Rats with a fibromyalgia-like disease showed improvements in spontaneous motor activity and other physical changes associated with the disease after treatment with melatonin, the naturally occurring substance that regulates sleep.
The study titled, “Oral Supplementation of Melatonin Protects against Fibromyalgia-Related Skeletal Muscle Alterations in Reserpine-Induced Myalgia Rats,” was published in the International Journal of Molecular Sciences.
Melatonin is a well-known anti-inflammatory, antioxidant, and analgesic agent. Researchers hypothesized that it also could offer clinical benefits in fibromyalgia.
In the study, 90 rats received reserpine, a drug that induces a fibromyalgia-like disease, and then were treated with different doses of melatonin. The frequency with which rats initiated activity on an exercise wheel was then compared among the groups.
Results showed that treatment with melatonin improved the animals’ motor activity, with an increase in both the number of times rats ran on the exercise wheel and the distance they covered. This indicates that movement-induced pain was lower in these animals.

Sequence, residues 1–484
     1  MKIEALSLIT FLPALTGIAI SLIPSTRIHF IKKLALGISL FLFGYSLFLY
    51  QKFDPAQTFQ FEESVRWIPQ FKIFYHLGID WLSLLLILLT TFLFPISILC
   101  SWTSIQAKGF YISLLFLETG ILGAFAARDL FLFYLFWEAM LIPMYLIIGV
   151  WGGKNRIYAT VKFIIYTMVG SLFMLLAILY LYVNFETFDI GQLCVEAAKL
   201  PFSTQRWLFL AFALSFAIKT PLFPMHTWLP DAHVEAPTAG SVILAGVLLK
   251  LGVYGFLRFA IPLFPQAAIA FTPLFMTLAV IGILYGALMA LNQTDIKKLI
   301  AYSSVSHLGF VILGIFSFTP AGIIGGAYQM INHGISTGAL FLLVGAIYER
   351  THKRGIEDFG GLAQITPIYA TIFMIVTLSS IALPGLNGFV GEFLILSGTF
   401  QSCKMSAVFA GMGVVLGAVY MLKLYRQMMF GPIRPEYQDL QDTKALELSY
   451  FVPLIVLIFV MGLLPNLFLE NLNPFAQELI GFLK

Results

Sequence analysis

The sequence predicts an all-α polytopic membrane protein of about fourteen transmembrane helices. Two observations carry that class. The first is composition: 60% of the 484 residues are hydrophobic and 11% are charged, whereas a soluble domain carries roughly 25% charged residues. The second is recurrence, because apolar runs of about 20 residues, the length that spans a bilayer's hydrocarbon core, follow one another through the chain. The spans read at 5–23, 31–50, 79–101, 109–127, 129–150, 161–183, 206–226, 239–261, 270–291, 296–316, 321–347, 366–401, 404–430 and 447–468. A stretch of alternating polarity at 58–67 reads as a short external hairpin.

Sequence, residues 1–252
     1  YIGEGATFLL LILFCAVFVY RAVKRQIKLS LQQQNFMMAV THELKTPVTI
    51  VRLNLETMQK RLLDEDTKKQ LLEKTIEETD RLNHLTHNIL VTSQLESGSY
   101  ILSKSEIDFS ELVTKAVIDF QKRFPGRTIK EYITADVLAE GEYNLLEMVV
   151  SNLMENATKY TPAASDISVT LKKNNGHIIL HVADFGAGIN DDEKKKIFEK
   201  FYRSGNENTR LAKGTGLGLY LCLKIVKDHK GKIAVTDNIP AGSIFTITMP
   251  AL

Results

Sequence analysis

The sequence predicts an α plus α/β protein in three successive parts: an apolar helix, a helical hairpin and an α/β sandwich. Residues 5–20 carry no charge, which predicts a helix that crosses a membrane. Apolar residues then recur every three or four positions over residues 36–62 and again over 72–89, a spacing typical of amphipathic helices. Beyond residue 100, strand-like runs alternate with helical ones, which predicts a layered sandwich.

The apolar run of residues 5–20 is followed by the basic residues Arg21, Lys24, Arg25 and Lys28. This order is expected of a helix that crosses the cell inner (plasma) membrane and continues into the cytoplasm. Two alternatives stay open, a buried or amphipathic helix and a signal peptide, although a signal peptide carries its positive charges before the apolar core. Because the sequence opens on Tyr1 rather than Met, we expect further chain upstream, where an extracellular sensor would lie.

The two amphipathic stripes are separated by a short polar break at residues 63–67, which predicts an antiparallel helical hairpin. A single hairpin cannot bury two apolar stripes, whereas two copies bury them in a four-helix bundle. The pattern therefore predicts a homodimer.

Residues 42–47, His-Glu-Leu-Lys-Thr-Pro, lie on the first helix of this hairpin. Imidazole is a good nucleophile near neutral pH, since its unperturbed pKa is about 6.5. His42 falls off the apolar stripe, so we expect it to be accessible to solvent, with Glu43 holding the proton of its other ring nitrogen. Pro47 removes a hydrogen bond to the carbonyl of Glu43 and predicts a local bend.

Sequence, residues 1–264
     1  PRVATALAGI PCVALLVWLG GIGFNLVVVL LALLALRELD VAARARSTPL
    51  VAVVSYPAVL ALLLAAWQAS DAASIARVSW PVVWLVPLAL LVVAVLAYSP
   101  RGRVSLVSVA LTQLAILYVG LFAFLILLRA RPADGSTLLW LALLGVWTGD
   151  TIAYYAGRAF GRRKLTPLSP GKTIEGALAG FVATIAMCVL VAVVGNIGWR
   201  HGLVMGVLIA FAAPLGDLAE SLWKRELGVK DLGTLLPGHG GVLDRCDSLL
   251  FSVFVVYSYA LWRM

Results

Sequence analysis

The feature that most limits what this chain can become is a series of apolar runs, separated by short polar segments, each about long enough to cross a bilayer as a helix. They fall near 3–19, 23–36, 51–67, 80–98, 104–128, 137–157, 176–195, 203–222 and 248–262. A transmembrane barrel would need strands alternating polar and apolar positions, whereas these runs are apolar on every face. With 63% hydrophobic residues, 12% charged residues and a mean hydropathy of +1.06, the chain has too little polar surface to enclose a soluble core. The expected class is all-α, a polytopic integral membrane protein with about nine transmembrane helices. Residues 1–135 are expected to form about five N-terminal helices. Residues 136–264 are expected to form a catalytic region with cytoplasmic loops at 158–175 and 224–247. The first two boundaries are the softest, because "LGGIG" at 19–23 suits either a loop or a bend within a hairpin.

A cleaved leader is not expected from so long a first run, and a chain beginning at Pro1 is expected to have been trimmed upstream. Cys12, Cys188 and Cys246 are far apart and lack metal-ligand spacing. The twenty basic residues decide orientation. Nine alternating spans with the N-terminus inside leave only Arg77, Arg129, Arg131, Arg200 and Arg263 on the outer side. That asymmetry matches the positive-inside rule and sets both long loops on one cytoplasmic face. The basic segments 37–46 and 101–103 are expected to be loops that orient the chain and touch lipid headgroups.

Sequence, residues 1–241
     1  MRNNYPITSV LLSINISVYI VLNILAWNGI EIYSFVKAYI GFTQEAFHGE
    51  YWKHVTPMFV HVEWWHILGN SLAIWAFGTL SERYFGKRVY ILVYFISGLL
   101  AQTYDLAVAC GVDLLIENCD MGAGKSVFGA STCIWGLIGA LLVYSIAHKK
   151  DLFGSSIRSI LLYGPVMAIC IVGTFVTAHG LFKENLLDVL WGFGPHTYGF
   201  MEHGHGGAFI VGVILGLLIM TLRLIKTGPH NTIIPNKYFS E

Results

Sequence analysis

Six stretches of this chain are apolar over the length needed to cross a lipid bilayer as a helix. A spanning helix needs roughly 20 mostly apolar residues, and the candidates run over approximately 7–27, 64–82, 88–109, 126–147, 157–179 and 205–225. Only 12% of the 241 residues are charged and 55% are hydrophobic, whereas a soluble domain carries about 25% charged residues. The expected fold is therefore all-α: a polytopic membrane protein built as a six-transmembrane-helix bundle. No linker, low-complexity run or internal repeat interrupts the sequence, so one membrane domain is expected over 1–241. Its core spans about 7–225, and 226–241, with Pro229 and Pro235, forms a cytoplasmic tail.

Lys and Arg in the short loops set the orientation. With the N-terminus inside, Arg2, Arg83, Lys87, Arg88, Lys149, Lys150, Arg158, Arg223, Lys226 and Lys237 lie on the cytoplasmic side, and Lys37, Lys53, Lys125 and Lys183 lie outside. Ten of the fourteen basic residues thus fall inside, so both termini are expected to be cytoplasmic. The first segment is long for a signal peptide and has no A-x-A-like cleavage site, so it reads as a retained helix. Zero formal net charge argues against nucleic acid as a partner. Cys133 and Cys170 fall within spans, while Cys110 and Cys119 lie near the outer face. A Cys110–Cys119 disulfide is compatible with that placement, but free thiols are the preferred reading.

“Probably, melatonin treatment causes an improvement in rat’s spontaneous running activity because of its antioxidants and anti-inflammatory mechanisms of action,” the researchers wrote. “Although these beneficial effects are potentially related also to analgesic melatonin properties, experimental studies as well as clinical trials in humans have demonstrated that melatonin has an analgesic properties in chronic, acute, inflammatory and neuropathic pain conditions, including fibromyalgia.”
The rats’ gastrocnemius muscles, which are powerful muscles in the back part of the leg, were removed and studied extensively for muscle atrophy. The results showed that melatonin treatment caused a significant increase in muscle weight and in the muscle fibers’ diameter compared to control animals, which were treated with melatonin after receiving reserpine or only with tap water.
Electron microscope analysis of the health of mitochondria, energy-producing organelles in cells, showed that the mitochondria appeared intact in the melatonin-treated group, whereas they were damaged in rats treated only with reserpine.
Researchers also found that the levels of a protein called Nod-like receptor protein 3 (NLRP3) were increased in rats treated with reserpine but not in control animals. The authors suggest that because NLRP3 is known to promote inflammation, oxidative stress (an imbalance in oxygen metabolism), and cell death, it might be an important factor in the progression of fibromyalgic disease. NLRP3 levels were lower in rats treated with melatonin.
“In summary, we suggest that melatonin through its important inhibiting effect against NLRP3 activation together with its known antioxidant, anti-inflammatory and analgesic properties may block the fibromyalgic pathological processes,” the team concluded.